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Re: dump svn:hold, long live file externals?? (and discussing recursive hold) -- was: bring on your concerns about svn:hold, please

From: Johan Corveleyn <jcorvel_at_gmail.com>
Date: Wed, 24 Aug 2011 00:08:20 +0200

On Wed, Aug 24, 2011 at 12:03 AM, Hyrum K Wright
<hyrum.wright_at_wandisco.com> wrote:
> On Tue, Aug 23, 2011 at 3:07 PM, C. Michael Pilato <cmpilato_at_collab.net> wrote:
>> On 08/23/2011 11:59 AM, Neels J Hofmeyr wrote:
>>> On 08/23/2011 10:32 AM, Julian Foad wrote:
>>>> Mark (or anyone), do you recognize the use case described by Clemens
>>>> Anhuth in <http://subversion.tigris.org/issues/show_bug.cgi?id=3028>?
>>>>
>>>>   Use case (2) - Eclipse folder, from issue #3028
>>>>
>>>>   "For example we have a complete Eclipse instance in our svn
>>>>   repository and we want to ignore every change in its directory
>>>>   and below. Because Eclipse more or less at random creates and
>>>>   deletes file from its own directory we have no way of knowing
>>>>   which individual files may be change or deleted by starting
>>>>   Eclipse. To avoid that an update creates files again that were
>>>>   deleted by running Eclipse the ignore setting I am asking for
>>>>   should also apply to updates. [...]"
>>>
>>> That's quite a pickle. I'm not intending to make holding stuff recursive,
>>> because then we'd have to check every commit target up into its ancestors,
>>> possibly even checking if the *repos* has a hold set on an ancestor. Ugh.
>>>
>>> So svn:hold will not support this use case. Maybe they can trick something
>>> up using externals, too....... uh........ *drop*  (<-- a penny)
>>>
>>> Come to think of it... we *do* have file externals, too.
>>> And, my goodness, it *is* *already* possible to create a global hold on a
>>> file using file externals. It is just less convenient:
>>
>> Oh, dude.  You're talking now about hacks based on hacks, here.  It makes me
>> hurt.  :-)
>>
>> I, too, have wanted a first-class solution for the "template problem".  Many
>> times.
>>
>> I, too, have also (but on much less frequent occasion) wanted to prevent
>> incoming updates to a particular file.
>>
>> Now, I had always assumed the right solution for the latter of those was
>> so-called "sticky revisions" (yes, in the same sense that CVS used the term
>> "sticky" for its tags, but less automatic).  You would update a file to a
>> particular revision with a special --sticky flag, and Subversion would
>> remember until further notice that you want to keep that file (or
>> directory!) at that particular revision.  It's kinda like our sticky depth
>> handling today, in fact, just that we're locking stuff in time instead of in
>> space.  Or something.
>>
>> Of course, I actually doubt that blocking updates is that compelling of a
>> use-case, and suspect that in terms of functionality beneficial to the
>> majority of Subversion users, it falls *well* behind the ability to avoid
>> accidentally committing one's own changes to a file (which itself falls
>> *well* behind a whole host of other, more important features, if we're being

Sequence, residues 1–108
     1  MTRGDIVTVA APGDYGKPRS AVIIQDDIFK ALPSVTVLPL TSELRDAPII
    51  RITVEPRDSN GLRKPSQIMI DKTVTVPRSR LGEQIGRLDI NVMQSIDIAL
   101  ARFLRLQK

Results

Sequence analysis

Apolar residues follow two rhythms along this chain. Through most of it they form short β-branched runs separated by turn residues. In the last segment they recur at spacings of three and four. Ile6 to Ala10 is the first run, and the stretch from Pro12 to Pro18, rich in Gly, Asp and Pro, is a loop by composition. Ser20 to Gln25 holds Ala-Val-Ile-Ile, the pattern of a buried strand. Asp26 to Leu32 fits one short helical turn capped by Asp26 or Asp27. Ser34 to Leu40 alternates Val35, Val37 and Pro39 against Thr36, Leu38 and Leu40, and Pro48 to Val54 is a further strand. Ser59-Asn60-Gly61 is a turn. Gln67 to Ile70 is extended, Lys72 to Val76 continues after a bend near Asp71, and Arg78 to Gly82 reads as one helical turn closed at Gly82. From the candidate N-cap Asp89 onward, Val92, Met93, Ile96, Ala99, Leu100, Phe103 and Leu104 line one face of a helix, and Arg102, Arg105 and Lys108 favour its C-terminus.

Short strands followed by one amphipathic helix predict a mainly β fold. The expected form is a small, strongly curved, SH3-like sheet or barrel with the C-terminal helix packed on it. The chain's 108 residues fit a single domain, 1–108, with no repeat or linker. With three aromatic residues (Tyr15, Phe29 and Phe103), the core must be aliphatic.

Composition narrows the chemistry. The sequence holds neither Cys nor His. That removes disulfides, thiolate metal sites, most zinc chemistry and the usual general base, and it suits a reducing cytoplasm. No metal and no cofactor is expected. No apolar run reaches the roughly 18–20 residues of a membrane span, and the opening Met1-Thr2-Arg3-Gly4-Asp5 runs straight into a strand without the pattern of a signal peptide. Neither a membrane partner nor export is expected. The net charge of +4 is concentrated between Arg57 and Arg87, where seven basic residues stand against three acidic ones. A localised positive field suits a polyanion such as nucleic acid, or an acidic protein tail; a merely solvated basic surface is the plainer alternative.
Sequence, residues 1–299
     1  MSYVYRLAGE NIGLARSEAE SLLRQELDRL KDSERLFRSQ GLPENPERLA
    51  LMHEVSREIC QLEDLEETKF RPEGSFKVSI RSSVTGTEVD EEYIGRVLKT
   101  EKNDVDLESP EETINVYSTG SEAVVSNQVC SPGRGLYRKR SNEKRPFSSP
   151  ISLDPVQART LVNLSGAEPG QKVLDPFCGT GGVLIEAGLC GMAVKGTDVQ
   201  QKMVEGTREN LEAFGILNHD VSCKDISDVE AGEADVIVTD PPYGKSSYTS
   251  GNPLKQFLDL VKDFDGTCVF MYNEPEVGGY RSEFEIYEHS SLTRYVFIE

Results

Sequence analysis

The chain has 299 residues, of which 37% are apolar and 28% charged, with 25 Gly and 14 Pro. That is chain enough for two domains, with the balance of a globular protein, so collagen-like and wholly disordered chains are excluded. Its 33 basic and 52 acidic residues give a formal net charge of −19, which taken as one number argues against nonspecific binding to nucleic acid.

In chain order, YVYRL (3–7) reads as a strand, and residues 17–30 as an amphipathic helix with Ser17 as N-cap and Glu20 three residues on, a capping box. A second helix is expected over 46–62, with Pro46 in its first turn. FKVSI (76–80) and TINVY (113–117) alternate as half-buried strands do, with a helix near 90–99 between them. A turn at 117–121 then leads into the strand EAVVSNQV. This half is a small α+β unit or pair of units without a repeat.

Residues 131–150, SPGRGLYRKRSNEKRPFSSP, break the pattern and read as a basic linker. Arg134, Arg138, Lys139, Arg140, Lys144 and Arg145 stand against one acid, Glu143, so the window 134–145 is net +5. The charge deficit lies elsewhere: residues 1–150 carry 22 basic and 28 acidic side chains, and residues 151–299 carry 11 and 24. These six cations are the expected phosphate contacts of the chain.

>> honest).  And when I think about where the very idea of blocking updates
>> takes us in terms of how that might affect, oh, merges and such ... well, I
>> get more than a little nauseous.
>>
>> So back to what I would consider the primary deliverable of interest here:
>> avoiding one's own accidental commits.  I'm leaning toward a hostile
>> takeover of the changelist namespace (a late-breaking land grab where we say
>> "svn:<whatever>" is ours ours ours) and a changelist-based solution.  A
>> special changelist honored by our libsvn_client code which does what we're
>> talking about here, shows up in 'svn status' like the others do, requires
>> very little additional infrastructure, for which state changes are not
>> versioned operations (such as they would be with the commits of the addition
>> and removal of an svn:hold property), etc.
>
> I'm not opposed to using the 'svn:' namespace for special changelists,
> particularly since changelists aren't versioned, so you're not mucking
> with data which may be in the historical record.  But special
> changelists would be a nifty solution, we'd need to support multiple
> changelists on a single item before going this route.  I wouldn't want
> a special changelist to exclude standard ones.

IMHO simply using changelists lacks the most important part of the
feature: the ability to set/configure/annotate this centrally. I'm not
particularly interested in a feature that forces me (as a CM) to
remind every developer that they should put the IDE project file into
their ignore-changelist after checking it out. To me that's like
having to remind them to configure the correct autoprops, or set
certain properties manually (repository-dictated autoprops, anyone?).

The question about the "template" comes up quite regularly on the
users list (not as often as questions about subtree mergeinfo or tree
conflicts, or say "authz with wildcards", but still once in a while --
and it's a FAQ after all). It's almost always in relation to IDE
project or configuration files, or makefiles, buildscripts, etc ...
Things that, in most teams, are maintained by a handful of people, but
read/used by a lot of other developers when setting up their
environment (after which the files are locally edited with
user-specific stuff).

That said, I'm not sure either that svn:hold (the property) is the
best approach (I haven't really thought through all those edge cases).
But it seems to me that it could work. OTOH, I haven't really seen
better suggestions (which keep it centrally configured).

-- 
Johan
Received on 2011-08-24 00:09:06 CEST

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